Christianity's Jewish Roots


Nederlandse versie is te lezen bij de Nieuwe Koers September Editie (click here)


During the European Football Championship, several Pentecostal pastors from major churches claimed on YouTube and social media that God had spoken to them that UK would defeat Italy. In Latin America, pastors prophesied about the football results that Argentina would lose to Brazil. In the United States, there were pastors ahead of the election who "prophesied" and even prematurely celebrated Donald Trump's victory.


Such prophecies and remarks are worrisome. We seem to have forgotten one of the Lord's Ten Commandments: “You shall not misuse the name of the Lord your God, for the Lord will not hold anyone guiltless who misuses his name.” (Exodus 20:7). This commandment, originally given to the Jewish people, emphasizes the meaning of God's name. As I already mentioned: the commandment was for the Jewish people. This touches on something that is very important to me, which is that Jesus Christ was a professed Jew. He grew up in Jewish and Galilean culture, and his teachings were based on Judaism. He spoke Hebrew and Aramaic. That is something many Christians forget today. There are Christians who completely ignore Jesus' Jewish roots and pretend that the God of Israel has always been a Christian. They have transformed God into a Greek, Roman and now American God.


Personally, I would like to apologize to my Jewish friends. For the moments when, perhaps unconsciously, I have expressed my Christian beliefs superficially in relation to the Jewish faith.

There are also Christians who become extremely 'Jewish' and follow all the ceremonial laws from the Old Testament. (Please do not mistaken with Jews who follow Jesus.) This sometimes results in strange theologies. Like a Christian brother who visited Israel a few years ago. On his return he had changed, as if he had been born Jewish. He brought a shofar to my office and asked me to blow it. "If you're not able to blow the shofar properly, if it doesn't sound right, that means you have a hidden sin in your life," he said.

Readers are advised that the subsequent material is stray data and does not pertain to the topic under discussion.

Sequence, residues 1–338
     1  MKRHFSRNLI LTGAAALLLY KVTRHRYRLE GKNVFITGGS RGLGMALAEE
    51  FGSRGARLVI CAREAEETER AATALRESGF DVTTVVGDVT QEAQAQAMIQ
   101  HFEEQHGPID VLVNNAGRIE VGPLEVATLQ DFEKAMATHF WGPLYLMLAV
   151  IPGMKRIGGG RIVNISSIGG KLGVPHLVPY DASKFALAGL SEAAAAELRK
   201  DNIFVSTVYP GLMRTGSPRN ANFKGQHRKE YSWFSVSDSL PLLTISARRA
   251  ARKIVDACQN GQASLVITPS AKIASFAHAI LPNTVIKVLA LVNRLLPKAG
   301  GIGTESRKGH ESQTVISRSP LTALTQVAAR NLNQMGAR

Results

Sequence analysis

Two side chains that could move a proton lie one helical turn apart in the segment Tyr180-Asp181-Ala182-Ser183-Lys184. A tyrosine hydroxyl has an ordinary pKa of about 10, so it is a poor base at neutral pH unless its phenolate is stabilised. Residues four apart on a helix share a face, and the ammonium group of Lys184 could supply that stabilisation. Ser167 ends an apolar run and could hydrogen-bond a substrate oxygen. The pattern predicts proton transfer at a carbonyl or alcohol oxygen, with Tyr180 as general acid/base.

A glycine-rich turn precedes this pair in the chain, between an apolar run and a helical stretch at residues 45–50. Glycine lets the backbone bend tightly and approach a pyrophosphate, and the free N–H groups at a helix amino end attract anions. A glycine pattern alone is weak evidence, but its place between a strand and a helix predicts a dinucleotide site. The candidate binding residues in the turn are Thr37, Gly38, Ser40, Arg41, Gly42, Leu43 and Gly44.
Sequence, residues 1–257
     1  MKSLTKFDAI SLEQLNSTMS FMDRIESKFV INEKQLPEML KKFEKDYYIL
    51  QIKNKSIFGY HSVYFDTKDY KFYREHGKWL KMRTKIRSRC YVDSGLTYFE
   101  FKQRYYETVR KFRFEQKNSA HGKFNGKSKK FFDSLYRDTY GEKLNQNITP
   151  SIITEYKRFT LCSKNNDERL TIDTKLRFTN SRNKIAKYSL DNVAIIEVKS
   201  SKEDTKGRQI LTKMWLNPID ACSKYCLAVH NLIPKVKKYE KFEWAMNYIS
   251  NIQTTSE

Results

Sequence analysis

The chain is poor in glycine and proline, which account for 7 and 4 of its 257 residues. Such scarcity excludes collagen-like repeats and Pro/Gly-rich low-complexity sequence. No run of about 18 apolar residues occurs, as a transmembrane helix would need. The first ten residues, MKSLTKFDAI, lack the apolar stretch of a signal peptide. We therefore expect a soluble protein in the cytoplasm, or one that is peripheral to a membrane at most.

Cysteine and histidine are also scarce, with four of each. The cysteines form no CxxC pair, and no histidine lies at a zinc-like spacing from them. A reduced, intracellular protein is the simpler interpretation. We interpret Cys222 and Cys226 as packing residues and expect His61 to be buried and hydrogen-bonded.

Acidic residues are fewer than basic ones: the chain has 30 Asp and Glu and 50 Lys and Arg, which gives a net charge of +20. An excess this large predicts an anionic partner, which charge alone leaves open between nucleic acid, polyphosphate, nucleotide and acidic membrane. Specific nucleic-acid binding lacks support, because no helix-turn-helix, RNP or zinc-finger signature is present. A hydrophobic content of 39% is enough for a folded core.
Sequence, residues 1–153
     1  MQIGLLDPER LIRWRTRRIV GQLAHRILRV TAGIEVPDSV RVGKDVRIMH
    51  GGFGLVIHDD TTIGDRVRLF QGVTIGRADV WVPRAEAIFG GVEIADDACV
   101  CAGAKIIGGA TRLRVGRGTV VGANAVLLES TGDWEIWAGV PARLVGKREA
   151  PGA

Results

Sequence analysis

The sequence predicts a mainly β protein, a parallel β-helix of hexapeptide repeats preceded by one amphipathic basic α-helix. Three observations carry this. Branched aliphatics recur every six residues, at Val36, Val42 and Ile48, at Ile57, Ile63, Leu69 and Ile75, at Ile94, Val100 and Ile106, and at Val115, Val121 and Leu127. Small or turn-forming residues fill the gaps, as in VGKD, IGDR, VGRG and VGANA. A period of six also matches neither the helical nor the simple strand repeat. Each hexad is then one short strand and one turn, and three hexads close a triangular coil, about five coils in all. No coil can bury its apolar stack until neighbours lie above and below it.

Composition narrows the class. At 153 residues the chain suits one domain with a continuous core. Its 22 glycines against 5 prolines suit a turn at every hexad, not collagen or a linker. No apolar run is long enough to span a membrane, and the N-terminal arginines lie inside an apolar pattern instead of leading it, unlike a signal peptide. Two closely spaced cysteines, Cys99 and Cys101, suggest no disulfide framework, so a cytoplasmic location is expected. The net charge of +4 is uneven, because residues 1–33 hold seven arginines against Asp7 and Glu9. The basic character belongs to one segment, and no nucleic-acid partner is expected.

There are Christians who completely ignore Jesus' Jewish roots and pretend that the God of Israel has always been a Christian. They have transformed God into a Greek, Roman and now American God.

I thought he was joking, but he definitely meant what he said. To claim things from Jewish culture and religion in this way without understanding them is, in my opinion, an affront to the Jewish faith and the God we all worship. I am not in favor of a full return to those old laws. But we must not forget that Judaism is the religion from which our faith is derived. Therefore, let's be careful about using the name of God superficially.


The God of Abraham, Isaac and Jacob requires grace, not sacrifice. He wants acknowledgment, not burnt offerings (Hosea 6:6). Let's use God's name to teach love and justice, compassion and grace. Let's use God's name to point out injustice in the world, as did Jeremiah, Ezekiel, Hosea, and other prophets. Let us do what Jesus commands us: to love the Lord our God with all our heart, with all our soul, and with all our mind. "This is the first and greatest commandment," He says. “The second is like it: Love your neighbor as yourself. These two commandments are the foundation of all that is written in the Law and the Prophets” (Matthew 22:37-40).


Personally, I would like to apologize to my Jewish friends. For the moments when, perhaps unconsciously, I have expressed my Christian beliefs superficially in relation to the Jewish faith. For the moments when I had little feeling for the Jewish cultural, religious and historical context of my faith. For the moments when I unconsciously dealt superficially with the texts from the Old Testament.


September is a Jewish holiday, which begins with the Jewish New Year, Rosh Hashanah. I would like to wish all Jewish people a happy new year.

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